Source: CNN, Tag Goulet
If you’re like most people, you have probably also experienced the frustration of working with someone who made your own job more difficult.
In both cases you may have wondered, “Why don’t they just fire this person?”
Firing someone may seem easy in theory, but it is often a last resort for an employer. […]
1. The employee has a relationship with someone higher up.
A relationship doesn’t necessarily have to be romantic or family, although either is a possibility. In many cases, the relationship that keeps someone from getting fired is friendship.
The bad employee may not perform well on the job, but may be a golf or drinking buddy for your boss, or may simply be someone that senior management enjoys having around the office.
2. The boss relies on the employee.
According to Terence R. Mitchell, Ph.D., author of the business text “People in Organizations: Understanding Their Behavior,” when a supervisor depends on an employee, the supervisor is less likely to attribute poor performance to the employee’s ability or attitude, and more likely to attribute the poor performance to forces beyond the employee’s control.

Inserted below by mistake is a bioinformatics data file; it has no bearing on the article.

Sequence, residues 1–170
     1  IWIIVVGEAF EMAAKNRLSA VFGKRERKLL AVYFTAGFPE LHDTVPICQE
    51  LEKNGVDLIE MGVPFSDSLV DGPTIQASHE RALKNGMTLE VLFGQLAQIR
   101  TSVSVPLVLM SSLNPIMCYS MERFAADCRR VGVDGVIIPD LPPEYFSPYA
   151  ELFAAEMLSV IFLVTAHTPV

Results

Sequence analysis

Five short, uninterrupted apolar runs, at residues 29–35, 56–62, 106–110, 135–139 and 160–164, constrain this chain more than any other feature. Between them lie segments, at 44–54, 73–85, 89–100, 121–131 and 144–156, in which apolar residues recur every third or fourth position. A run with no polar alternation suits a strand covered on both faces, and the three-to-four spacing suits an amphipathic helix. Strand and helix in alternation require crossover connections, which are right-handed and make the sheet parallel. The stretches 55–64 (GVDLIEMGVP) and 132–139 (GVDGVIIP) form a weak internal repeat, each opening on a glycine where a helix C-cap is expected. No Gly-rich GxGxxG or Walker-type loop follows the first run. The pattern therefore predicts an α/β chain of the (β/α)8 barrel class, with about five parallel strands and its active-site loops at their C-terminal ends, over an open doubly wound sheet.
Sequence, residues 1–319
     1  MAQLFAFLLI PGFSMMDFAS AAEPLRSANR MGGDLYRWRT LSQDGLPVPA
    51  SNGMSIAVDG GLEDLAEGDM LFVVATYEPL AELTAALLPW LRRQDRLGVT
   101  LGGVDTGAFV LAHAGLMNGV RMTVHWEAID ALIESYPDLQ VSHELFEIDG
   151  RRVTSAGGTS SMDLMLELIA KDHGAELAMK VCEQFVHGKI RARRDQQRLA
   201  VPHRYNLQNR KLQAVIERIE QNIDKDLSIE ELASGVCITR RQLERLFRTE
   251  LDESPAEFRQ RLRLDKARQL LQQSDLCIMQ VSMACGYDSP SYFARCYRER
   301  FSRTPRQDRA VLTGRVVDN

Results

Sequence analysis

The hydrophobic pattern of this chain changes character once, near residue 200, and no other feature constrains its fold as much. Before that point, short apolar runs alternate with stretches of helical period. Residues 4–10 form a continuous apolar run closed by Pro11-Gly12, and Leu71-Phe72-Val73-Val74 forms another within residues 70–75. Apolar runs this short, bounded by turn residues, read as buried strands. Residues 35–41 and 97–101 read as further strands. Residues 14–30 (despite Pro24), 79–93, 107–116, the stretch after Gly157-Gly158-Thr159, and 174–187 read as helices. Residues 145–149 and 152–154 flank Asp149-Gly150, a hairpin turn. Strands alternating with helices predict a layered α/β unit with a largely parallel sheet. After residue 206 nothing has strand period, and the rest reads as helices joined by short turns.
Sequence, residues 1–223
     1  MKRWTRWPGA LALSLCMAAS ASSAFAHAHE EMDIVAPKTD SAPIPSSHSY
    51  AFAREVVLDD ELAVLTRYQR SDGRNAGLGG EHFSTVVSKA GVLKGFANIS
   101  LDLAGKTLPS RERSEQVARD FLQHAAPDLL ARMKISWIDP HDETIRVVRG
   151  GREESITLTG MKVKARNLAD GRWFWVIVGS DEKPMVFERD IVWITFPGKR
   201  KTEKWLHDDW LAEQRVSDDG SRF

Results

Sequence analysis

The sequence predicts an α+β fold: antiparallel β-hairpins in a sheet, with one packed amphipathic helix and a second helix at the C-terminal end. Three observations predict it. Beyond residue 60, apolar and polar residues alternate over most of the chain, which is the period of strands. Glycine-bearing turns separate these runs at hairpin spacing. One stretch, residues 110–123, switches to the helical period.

3. The employee brings more value to the company than he or she costs.
Maybe the employee who jokes around and wastes other employees’ time at meetings is also a brilliant worker whose productivity has resulted in significant revenue for the company.
4. The boss thinks it could be worse.
Even if everyone knows the employee is not pulling his or her weight, management may fear that a replacement could do an even worse job. This fear is compounded if the company has previously had other people perform more poorly in the position.
5. The boss is afraid of the employee.
If there are concerns that an employee might sue the company or possibly become violent if fired, it may take longer to let that employee go. If there’s a threat, the company needs to consult with legal or security experts and put appropriate measures in place before letting a bad employee go.